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    Author(s): Charles E. Kay
    Date: 2001
    Source: In: Shepperd, Wayne D.; Binkley, Dan; Bartos, Dale L.; Stohlgren, Thomas J.; Eskew, Lane G., comps. Sustaining aspen in western landscapes: Symposium proceedings; 13-15 June 2000; Grand Junction, CO. Proceedings RMRS-P-18. Fort Collins, CO: U.S. Department of Agriculture, Forest Service, Rocky Mountain Research Station. p. 215-224.
    Publication Series: Proceedings (P)
    Station: Rocky Mountain Research Station
    PDF: Download Publication  (110.36 KB)

    Description

    Aspen has been declining in Jackson Hole for many years, a condition generally attributed to the fact that lightning fires have been aggressively suppressed since the early 1900s. It is also believed that burning will successfully regenerate aspen stands despite high elk numbers. To test this hypothesis, I evaluated 467 burned and 495 adjacent, unburned aspen stands at eight different locations within Jackson Hole. Aspen suckering was stimulated by burning, but most aspen stands still failed to produce new stems greater than 2 m tall where ungulate use was moderate or high. Only when elk use was low were burned aspen stands able to successfully regenerate. At those locations, however, unburned aspen stands also successfully regenerated. Evidence suggests that a combination of fire and continued elk use may eliminate many aspen clones.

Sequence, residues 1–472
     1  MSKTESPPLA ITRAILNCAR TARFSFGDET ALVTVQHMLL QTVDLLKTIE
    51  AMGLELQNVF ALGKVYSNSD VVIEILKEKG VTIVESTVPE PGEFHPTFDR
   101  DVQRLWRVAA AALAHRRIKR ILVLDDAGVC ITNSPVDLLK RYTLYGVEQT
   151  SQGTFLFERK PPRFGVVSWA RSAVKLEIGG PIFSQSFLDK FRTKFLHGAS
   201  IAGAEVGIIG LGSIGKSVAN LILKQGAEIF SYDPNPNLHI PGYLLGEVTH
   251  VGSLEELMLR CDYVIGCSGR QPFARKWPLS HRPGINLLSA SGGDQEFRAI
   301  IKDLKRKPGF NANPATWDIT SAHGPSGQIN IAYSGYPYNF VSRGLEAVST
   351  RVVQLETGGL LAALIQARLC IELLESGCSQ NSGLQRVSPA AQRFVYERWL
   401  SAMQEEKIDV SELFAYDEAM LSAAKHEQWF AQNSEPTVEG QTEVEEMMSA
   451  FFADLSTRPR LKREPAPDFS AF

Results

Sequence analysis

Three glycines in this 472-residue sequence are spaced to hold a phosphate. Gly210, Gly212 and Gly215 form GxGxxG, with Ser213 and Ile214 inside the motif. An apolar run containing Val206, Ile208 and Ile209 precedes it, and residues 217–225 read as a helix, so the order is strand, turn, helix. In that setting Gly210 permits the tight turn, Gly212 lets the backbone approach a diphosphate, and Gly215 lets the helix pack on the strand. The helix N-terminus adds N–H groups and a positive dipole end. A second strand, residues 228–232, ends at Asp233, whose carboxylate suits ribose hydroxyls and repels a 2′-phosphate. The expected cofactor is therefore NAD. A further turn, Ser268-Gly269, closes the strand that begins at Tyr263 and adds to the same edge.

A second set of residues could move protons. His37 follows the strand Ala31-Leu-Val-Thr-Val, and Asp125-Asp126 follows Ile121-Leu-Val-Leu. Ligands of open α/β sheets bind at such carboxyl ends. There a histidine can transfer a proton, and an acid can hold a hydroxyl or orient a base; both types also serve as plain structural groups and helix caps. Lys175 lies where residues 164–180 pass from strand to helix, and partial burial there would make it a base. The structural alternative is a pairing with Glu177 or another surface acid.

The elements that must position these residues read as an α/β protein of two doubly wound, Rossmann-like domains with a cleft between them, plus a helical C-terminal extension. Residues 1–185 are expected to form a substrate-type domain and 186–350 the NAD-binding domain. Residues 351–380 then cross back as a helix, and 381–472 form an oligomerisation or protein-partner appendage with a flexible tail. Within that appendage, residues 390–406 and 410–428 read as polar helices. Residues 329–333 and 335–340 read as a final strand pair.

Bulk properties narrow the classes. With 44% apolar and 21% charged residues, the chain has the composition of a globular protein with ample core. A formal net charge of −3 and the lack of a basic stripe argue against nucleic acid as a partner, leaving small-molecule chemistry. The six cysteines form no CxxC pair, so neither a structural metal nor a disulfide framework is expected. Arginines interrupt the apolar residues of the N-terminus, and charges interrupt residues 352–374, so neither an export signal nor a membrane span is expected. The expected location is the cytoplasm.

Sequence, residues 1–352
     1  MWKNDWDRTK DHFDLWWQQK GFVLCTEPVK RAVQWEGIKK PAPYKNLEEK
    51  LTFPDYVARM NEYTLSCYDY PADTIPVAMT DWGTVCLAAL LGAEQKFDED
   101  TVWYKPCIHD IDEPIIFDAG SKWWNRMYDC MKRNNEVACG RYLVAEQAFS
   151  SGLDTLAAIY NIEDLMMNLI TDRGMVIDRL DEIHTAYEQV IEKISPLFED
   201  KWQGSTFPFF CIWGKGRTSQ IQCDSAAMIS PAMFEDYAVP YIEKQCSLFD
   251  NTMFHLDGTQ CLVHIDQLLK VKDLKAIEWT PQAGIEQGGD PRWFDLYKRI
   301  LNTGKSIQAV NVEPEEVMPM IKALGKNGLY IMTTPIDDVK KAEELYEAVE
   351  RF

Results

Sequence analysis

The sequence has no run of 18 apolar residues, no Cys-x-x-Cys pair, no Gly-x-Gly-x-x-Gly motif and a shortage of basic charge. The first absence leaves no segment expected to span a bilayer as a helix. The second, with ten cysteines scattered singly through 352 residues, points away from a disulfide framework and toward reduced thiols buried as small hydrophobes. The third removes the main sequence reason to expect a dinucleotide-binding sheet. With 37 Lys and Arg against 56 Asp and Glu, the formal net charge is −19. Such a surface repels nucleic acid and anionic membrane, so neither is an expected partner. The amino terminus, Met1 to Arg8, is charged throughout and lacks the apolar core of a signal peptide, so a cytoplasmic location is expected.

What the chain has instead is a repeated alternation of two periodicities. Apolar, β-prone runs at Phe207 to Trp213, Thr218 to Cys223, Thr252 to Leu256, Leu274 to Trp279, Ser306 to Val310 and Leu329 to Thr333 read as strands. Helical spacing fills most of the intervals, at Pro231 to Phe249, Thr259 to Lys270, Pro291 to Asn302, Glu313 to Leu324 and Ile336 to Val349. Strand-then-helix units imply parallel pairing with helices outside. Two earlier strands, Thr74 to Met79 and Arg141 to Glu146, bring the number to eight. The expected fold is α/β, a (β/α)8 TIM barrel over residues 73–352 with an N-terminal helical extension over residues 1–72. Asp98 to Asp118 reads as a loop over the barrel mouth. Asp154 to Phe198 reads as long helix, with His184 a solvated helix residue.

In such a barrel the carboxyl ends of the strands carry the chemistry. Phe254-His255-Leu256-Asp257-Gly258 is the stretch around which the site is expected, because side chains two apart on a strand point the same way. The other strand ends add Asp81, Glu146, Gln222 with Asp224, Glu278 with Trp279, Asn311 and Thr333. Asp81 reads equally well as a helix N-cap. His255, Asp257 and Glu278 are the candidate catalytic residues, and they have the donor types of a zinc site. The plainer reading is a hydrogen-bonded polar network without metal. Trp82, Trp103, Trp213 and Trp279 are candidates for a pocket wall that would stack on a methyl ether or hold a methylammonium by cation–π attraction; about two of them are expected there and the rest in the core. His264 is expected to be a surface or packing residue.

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    Citation

    Kay, Charles E. 2001. Evaluation of burned aspen communities in Jackson Hole, Wyoming. In: Shepperd, Wayne D.; Binkley, Dan; Bartos, Dale L.; Stohlgren, Thomas J.; Eskew, Lane G., comps. Sustaining aspen in western landscapes: Symposium proceedings; 13-15 June 2000; Grand Junction, CO. Proceedings RMRS-P-18. Fort Collins, CO: U.S. Department of Agriculture, Forest Service, Rocky Mountain Research Station. p. 215-224.

    Keywords

    ecosystem management, ecosystem research, sustainable forests, quaking aspen, Populus tremuloides

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https://www.fs.usda.gov/treesearch/pubs/35822